Monday, March 17, 2014
On Saturday, a field at historic Hobcaw Barony was transformed by the 3rd United States Army Civil War Reenactors as they exhibited what a typical war encampment would have been like during the War Between The States.
The camp featured authentic reproductions of the soldiers’ equipment, including tents, uniforms, weaponry, and cookery.
First Lt. Mike Glazier commanded a squad of three local reenactors, Alvin Holcomb, Amos Dickerson, and his daughter Mary.
Lisa Boynton, a resident of Myrtle Beach, was also at the camp to display the Confederate uniform.
There were more than 100 attendees of the reenactment. The day’s events began in the Discovery Center, where Lee Brockington, Hobcaw’s senior interpreter, gave a brief oral history of Georgetown’s role in the war to visitors, and also told the story of the sinking of the Harvest Moon.
Visitors were then shuttled to the field where a number of displays illustrated more history of the war, including an officer’s desk kit, a number of rifles, and a small cannonball dug up by Glazier’s dog in his Pawleys Island yard.
“It’s amazing to live here,” says Glazier. “I had no idea the amount of history this place holds unitl I moved here.”
Glazier gave presentations on the evolution of the wardrobe, weaponry, tactics, communications, and major developments during the course of the war, and along with Holcomb, Boynton, and Dickerson, also gave drilling and firing demonstrations.
Originally from Washington, D.C., Glazier became interested in the war while getting his undergraduate degrees in accounting and history from Shepherd University in West Virginia when a Southern teacher brought a new perspective on the war for him.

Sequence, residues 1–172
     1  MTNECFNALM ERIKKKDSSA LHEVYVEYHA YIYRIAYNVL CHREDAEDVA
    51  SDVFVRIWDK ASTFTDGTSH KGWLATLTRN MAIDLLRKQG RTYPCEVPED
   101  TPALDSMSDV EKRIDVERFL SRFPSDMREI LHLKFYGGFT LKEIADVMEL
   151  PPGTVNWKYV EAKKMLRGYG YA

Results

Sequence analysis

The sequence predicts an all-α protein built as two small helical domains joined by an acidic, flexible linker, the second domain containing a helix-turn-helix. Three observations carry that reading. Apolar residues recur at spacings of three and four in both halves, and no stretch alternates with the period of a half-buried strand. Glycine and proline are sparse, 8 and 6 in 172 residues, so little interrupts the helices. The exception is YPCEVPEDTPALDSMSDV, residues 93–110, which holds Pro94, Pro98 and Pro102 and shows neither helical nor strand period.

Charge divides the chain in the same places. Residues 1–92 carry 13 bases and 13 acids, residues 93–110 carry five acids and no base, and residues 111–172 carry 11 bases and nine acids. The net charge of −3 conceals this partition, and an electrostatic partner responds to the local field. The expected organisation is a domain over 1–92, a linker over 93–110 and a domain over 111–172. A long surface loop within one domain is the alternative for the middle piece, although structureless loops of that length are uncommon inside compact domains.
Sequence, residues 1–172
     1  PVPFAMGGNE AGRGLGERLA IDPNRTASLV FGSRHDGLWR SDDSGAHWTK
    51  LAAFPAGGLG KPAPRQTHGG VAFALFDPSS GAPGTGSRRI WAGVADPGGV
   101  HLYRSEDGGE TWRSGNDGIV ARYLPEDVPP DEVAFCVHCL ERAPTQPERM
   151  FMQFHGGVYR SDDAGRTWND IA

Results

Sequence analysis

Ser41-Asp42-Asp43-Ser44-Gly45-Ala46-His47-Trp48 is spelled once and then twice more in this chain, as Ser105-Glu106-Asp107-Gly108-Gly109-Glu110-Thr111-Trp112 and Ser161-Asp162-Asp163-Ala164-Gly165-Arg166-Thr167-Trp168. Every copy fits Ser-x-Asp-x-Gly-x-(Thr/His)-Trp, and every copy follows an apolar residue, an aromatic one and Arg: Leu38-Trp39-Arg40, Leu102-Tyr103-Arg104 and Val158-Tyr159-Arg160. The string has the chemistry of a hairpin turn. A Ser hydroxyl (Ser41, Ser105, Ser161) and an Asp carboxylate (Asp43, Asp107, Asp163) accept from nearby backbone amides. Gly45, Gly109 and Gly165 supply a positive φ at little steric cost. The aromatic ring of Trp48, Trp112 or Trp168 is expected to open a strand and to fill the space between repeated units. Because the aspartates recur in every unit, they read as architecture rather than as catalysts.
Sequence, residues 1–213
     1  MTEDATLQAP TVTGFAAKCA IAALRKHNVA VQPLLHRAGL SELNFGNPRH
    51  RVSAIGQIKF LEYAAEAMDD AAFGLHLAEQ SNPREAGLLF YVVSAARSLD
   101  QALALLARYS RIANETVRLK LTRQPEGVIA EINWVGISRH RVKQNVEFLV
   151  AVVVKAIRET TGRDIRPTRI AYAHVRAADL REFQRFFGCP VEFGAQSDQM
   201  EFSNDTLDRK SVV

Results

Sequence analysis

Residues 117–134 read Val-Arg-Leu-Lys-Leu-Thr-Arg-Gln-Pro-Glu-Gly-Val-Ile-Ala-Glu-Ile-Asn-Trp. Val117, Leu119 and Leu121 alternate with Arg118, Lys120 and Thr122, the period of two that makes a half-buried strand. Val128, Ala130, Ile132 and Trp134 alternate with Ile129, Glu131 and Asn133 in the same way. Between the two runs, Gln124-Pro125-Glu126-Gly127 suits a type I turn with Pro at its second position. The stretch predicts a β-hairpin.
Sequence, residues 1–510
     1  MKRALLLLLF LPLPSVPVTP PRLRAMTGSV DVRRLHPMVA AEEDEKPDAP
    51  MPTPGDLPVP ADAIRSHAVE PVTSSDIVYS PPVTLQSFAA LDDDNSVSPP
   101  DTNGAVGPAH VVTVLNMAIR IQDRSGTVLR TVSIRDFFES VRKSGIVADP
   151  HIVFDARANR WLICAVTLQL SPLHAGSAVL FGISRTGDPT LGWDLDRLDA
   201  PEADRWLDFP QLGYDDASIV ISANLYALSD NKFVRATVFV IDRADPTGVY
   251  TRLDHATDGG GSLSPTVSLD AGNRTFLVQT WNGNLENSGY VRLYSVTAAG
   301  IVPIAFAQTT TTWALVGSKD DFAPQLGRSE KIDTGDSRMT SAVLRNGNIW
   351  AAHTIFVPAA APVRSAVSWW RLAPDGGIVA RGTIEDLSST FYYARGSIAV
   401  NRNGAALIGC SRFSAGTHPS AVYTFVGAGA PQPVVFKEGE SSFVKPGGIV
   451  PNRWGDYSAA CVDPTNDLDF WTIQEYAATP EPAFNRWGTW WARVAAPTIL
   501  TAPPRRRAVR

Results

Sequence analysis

While there, he was very near Harper’s Ferry, and also toured Gettysburg and Antietam.
His first reenactment was with the 3rd U.S. Infantry in 1990 in D.C., and after he moved to the Lowcountry in 1996, he became captain of the 54th Massachusetts Volunteer, Company 1 Reenactors.
He has been featured reenacting, along with his son, in National Geographic.
“It’s a great hobby,” says Glazier, “Instead of golf or surfing, I do this.”
While this was not Glazier’s first reenactment, it was the first for both Holcomb and Dickerson. Dickerson, who was asked by Glazier to participate, was very interested in the idea.
“I appreciate anything that involves getting away from modern conveniences,” Dickerson said.
And that seems to be a common theme for a lot of the reenactors.
As a CPA, Glazier said he loves the chance to get away from the computer and cell phones.
Living the history of these soldiers is a big part of what reenactors across the spectrum do, but an equally big draw is pulling themselves back in time to how their ancestors lived and fought during these wars.
“And it’s a lot of fun,” says Glazier. “It’s part camping, part Halloween, part playing Army.”
“What I liked about it was understanding the perspective on the mind of the men going into these battles, going face-to-face with each other,” said George Hendershot of Pawleys Island. “It’s very fascinating.”
Dr. J.P. Saleeby, a reenactor in The Society of Civil War Surgeons, said the event was very interesting, and his wife, Sharon, complimented the rich, historical environment in which it was set.
“Hobcaw was a great place to have this event,” said Glazier, “and we hope to do it there again in the fall or next spring.”
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